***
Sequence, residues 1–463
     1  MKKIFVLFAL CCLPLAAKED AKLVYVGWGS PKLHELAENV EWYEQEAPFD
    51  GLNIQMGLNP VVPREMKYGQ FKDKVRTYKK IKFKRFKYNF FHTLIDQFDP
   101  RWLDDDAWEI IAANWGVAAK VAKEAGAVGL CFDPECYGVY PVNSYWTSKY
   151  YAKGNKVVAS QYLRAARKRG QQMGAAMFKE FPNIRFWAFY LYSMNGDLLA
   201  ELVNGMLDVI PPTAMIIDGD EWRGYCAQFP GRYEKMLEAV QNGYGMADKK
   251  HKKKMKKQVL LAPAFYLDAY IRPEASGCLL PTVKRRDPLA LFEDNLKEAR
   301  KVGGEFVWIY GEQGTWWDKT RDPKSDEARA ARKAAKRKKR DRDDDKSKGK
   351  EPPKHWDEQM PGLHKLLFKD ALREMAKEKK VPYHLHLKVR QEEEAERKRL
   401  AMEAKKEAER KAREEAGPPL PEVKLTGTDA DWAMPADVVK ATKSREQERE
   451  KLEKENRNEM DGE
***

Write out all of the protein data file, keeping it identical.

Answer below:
Sequence, residues 1–463
     1  MKKIFVLFAL CCLPLAAKED AKLVYVGWGS PKLHELAENV EWYEQEAPFD
    51  GLNIQMGLNP VVPREMKYGQ FKDKVRTYKK IKFKRFKYNF FHTLIDQFDP
   101  RWLDDDAWEI IAANWGVAAK VAKEAGAVGL CFDPECYGVY PVNSYWTSKY
   151  YAKGNKVVAS QYLRAARKRG QQMGAAMFKE FPNIRFWAFY LYSMNGDLLA
   201  ELVNGMLDVI PPTAMIIDGD EWRGYCAQFP GRYEKMLEAV QNGYGMADKK
   251  HKKKMKKQVL LAPAFYLDAY IRPEASGCLL PTVKRRDPLA LFEDNLKEAR
   301  KVGGEFVWIY GEQGTWWDKT RDPKSDEARA ARKAAKRKKR DRDDDKSKGK
   351  EPPKHWDEQM PGLHKLLFKD ALREMAKEKK VPYHLHLKVR QEEEAERKRL
   401  AMEAKKEAER KAREEAGPPL PEVKLTGTDA DWAMPADVVK ATKSREQERE
   451  KLEKENRNEM DGE